When reading the poem “Mother to Son,” written by Langston Hughes in 1922, one can sense what was weighing him down emotionally. The Jim Crow laws of America were eating away at the souls of black people and Hughes needed an outlet for his pain.
In “Mother to Son,” he uses the voice of a black mother to speak truth, reality, and encouragement to her young son. She sums up her life in these words:
“Well son, I’ll tell you: Life for me ain’t been no crystal stair.”
The mother goes on to tell her son that her life has tacks and splinters in it. But she keeps on climbing her stairs. She says she has to walk in places where there’s never been any light, but she won’t stop climbing.
“So boy, don’t you sit down because life is hard. Don’t you fall! I’m still climbing, honey! I’m still climbing. And life for me ain’t been no crystal stair.”
Hughes was a young man when he wrote the poem, but he was well aware that Jim Crow laws were designed to “Undo” all the advancements African Americans had made during the decade of Reconstruction (1867-77) in this country.
In fact, the goal of White Supremacy was to send African Americans back to the plantations, the fields, the chains, the torture, and the misery … so they might continue to work without pay, without proper food and shelter, and without other life-sustaining accoutrements. Slavery!
Reconstruction was the period in Black History when the newly emancipated slaves moved decisively toward crippling the Southern Power Structure of that day. Former slaves embraced their right to Citizenship grounded in the 14th Amendment to the Constitution. Two years later, they ravenously consumed their right to vote provided by the 15th Amendment. African Americans took to political action like hungry lion cubs with their first taste of meat.
The term “Up from Slavery” struck fear and desperation in the heart of those who shackled us, worked us literally to death, and abused us to the point of stripping away our humanity. This, of course, relieved their conscience of the guilt and shame most human beings would feel after doing what they repeatedly did to us.
If you examine the 10-year stretch of time that history refers to as Reconstruction, you will find a staggering account of black achievement. Let’s start with the two African Americans who served in the US Congress! One of them was “Up from Slavery!”
More than 600 African Americans were elected to state legislatures and hundreds more held local offices across the South. Not bad for a people who were loosely characterized as three-fifths of a human being.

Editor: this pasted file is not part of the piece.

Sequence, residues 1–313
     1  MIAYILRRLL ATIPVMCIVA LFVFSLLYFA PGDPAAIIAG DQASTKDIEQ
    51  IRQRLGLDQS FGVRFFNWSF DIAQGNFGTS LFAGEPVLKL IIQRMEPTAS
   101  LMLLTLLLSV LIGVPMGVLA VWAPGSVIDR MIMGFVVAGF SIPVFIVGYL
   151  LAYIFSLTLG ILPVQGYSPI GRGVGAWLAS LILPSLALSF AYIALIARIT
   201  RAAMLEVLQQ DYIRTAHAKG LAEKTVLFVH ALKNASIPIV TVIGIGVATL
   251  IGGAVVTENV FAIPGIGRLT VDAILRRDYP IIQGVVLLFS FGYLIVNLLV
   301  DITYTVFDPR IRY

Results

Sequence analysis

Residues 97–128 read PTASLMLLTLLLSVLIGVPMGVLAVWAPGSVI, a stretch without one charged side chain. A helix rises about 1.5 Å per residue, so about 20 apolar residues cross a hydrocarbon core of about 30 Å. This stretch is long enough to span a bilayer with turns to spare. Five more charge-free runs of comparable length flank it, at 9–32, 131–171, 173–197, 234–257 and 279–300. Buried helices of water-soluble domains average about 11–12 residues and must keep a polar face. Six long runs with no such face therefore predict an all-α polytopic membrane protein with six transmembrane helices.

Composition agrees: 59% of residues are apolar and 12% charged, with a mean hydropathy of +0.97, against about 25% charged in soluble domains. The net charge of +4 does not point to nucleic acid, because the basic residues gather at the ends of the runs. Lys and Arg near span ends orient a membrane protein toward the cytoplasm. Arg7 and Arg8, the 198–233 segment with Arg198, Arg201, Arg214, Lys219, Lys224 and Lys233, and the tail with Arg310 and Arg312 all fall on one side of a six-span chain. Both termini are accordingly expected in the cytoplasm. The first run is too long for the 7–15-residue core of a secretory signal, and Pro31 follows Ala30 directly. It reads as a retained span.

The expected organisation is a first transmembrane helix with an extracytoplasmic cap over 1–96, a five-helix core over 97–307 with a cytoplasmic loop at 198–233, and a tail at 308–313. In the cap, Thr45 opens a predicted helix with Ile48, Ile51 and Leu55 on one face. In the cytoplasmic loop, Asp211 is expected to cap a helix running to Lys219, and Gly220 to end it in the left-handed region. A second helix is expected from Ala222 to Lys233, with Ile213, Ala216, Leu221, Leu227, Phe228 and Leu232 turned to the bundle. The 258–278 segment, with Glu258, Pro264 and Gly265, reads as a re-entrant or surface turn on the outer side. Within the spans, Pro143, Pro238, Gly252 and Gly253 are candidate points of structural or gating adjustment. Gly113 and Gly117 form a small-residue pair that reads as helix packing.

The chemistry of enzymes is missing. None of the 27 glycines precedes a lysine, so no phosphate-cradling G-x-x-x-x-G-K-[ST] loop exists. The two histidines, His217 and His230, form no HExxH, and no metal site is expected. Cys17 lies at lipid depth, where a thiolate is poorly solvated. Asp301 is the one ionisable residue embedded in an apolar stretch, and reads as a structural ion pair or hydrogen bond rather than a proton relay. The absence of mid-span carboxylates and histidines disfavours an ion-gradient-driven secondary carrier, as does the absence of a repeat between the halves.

These achievements whet the appetite of African Americans to “taste and see” how far they might go if given a chance to spread their wings and soar even higher. All these Life-affirming activities were thunderous Incentives for African Americans to “Keep Climbing!” The goal has always been to achieve “Actual” Freedom … of our mind as well as our body.
It was no secret that Southern whites were frustrated with policies giving former slaves the right to vote, own land, and hold public office. What started as intimidation, quickly escalated to massive lynchings, various forms of violence, and the open-air murder of black people. Lynching became second nature to those most determined to reinstate White Supremacy.
It was in this climate that the Ku Klux Klan took its first hate-inspired breath. They instituted a murderous reign of terror on African Americans. Looking back on this period in Black History, one writer referred to the climate of the time as “home-grown, race-based Terrorism.”
This message is for all who walk on American soil and call this land home, whether your people are “Up from Slavery” or not. Look at the various life experiences below. Are there any similarities with your Family Tree?
The enslaved Elders of my Family Tree were regularly lynched, tortured, brutalized in every way imaginable. They were treated less well by their owners than a beast of burden. We were relevant only in terms of commerce — to buy, work, sell or discard at will.
The Elders of my Family Tree emerged from South of the Border, seeking asylum and a New Life. Our thirst for freedom and equality has not been fully quenched.
The Elders of my Family are few. Our Tree was marked for Elimination, a 20th Century euphemism for mass murder by Hitler and his Nazis. Before the crematoria ovens there were death marches, starvation, and sadistic experimentation on our bodies.
The Elders of my Family Tree can vividly see the impact of generational poverty and neglect, ill-health, and hopelessness on the Reservations we call home.
The Elders of Our Family Trees clawed their way out of foreign death traps around the world, inspired by all the Evil that can embody a human being.
I believe in the GOD-breathed Life that still remains in all of us. Our Stories are Not Over! I believe this is the message of Black History … Our History.
We Must Keep Climbing!
Sheila LyonHall is a published author and freelance writer residing in San Fernando. Her website is: http://www.ParentingYourTeenforLife.com/